Matthew Syed, a former international table tennis player who represented Great Britain in two Olympic Games, wrote a list for the TimesOnline (7/15/08) of the Top 50 Greatest Olympic Games Moments. These are some of his choices (in no particular order):
1. In London (1908), Wyndham Halswell from Scotland won the 400 meters as the sole runner. In the initial “final” race two days earlier, officials declared the race void and ordered a re-run when it was deemed that two Americans had conspired to block him from passing. In the rescheduled race, all the other competitors refused to run against him, allowing him to take the gold.
2. In St. Louis (1904) US gymnast George Eyser won two golds, a silver and a bronze. What’s the big deal? He had a wooden leg.
3. In Munich (1972), the U.S. basketball team, going into the final with Russia, had been unbeaten in 63 Olympic matches. With three seconds remaining, Russia led 49-48, when a foul was awarded to the U.S. They nailed the first two shots, but a horn blew during the second shot. The third shot failed, and the Americans started to celebrate their 50-49 win. But an official said he had whistled for play to stop after hearing the earlier horn, and the Russians said that they had requested a timeout before the shots were attempted. The referee ordered the clock to be reset to 3 seconds to replay the inbound. Russia failed to score. Then the officials said that the clock was still in the process of being reset when the referee put the ball in play! The Secretary General of the International Basketball Federation, stepped in and ordered the clock to be reset to 3 seconds and the inbound replayed. The Russians scored and were crowned champions. The Americans refused, unsurprisingly, to turn up at the medal ceremony. The silver medals still sit, unclaimed, in a vault at the International Olympic Committee headquarters, and some members of the American team have written in their wills that no member of their families may claim the medals after their death.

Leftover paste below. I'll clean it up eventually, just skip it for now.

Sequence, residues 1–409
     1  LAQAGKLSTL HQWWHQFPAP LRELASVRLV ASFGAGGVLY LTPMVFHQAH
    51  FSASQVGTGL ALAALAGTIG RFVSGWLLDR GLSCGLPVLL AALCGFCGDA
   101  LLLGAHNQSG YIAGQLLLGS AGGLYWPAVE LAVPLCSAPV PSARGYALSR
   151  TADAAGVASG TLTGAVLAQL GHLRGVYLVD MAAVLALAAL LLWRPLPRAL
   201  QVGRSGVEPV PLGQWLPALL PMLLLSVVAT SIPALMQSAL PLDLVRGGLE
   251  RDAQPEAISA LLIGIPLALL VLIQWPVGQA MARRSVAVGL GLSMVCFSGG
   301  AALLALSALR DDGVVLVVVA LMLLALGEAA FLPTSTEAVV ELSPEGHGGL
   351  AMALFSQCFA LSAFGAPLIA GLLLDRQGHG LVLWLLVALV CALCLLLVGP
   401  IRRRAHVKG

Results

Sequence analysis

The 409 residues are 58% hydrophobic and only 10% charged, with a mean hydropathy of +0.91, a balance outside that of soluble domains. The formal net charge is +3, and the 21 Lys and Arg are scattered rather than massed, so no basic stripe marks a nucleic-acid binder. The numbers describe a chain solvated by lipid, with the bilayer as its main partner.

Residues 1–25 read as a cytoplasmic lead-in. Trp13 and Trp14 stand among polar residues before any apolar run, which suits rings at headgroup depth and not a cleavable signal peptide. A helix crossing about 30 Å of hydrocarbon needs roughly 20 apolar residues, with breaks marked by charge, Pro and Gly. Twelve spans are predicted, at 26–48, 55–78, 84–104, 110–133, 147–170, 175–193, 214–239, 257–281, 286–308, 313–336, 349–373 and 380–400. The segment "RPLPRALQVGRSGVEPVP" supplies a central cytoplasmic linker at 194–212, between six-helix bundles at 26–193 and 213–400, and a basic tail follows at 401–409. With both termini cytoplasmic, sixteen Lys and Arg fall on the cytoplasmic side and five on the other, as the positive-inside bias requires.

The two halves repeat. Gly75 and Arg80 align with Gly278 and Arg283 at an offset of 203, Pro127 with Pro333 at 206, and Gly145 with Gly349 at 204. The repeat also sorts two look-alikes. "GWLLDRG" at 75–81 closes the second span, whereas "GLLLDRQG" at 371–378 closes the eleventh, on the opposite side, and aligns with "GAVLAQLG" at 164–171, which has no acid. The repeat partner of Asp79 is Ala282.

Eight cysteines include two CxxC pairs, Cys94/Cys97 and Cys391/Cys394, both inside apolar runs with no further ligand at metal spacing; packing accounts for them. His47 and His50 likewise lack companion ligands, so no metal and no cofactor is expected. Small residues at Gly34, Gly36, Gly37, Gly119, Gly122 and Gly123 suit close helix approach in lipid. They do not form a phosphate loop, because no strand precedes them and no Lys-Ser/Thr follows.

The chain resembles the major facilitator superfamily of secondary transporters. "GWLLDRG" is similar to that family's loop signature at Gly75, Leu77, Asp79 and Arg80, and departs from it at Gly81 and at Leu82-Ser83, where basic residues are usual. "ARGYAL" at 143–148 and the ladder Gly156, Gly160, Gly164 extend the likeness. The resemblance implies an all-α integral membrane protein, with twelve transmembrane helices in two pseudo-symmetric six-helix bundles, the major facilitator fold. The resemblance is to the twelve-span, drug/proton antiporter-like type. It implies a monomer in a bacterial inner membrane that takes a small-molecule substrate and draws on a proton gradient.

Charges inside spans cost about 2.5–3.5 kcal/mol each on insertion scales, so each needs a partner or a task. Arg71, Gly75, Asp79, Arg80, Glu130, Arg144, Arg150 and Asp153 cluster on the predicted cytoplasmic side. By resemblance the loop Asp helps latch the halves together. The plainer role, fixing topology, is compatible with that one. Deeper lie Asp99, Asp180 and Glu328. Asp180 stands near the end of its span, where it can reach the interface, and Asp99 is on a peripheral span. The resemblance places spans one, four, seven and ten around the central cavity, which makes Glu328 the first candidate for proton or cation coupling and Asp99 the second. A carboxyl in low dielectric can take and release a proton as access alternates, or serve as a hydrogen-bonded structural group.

4. At the Games in Rome (1960), Ethiopian Abebe Bikila became the first runner representing an African nation to win gold in the marathon at the Olympics. He did it barefoot, and set a world record in the process.
For more Top Olympic moments, go to: http://www.timesonline.co.uk/tol/sport/olympics/article4316031.ece?token=null&offset=0&page=1